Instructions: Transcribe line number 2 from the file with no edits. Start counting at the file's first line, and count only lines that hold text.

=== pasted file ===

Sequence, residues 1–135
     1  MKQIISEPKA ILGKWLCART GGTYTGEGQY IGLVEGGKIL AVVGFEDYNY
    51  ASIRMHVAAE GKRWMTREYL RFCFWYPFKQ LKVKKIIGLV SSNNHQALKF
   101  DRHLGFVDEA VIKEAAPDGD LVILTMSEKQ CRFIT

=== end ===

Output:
     1  MKQIISEPKA ILGKWLCART GGTYTGEGQY IGLVEGGKIL AVVGFEDYNY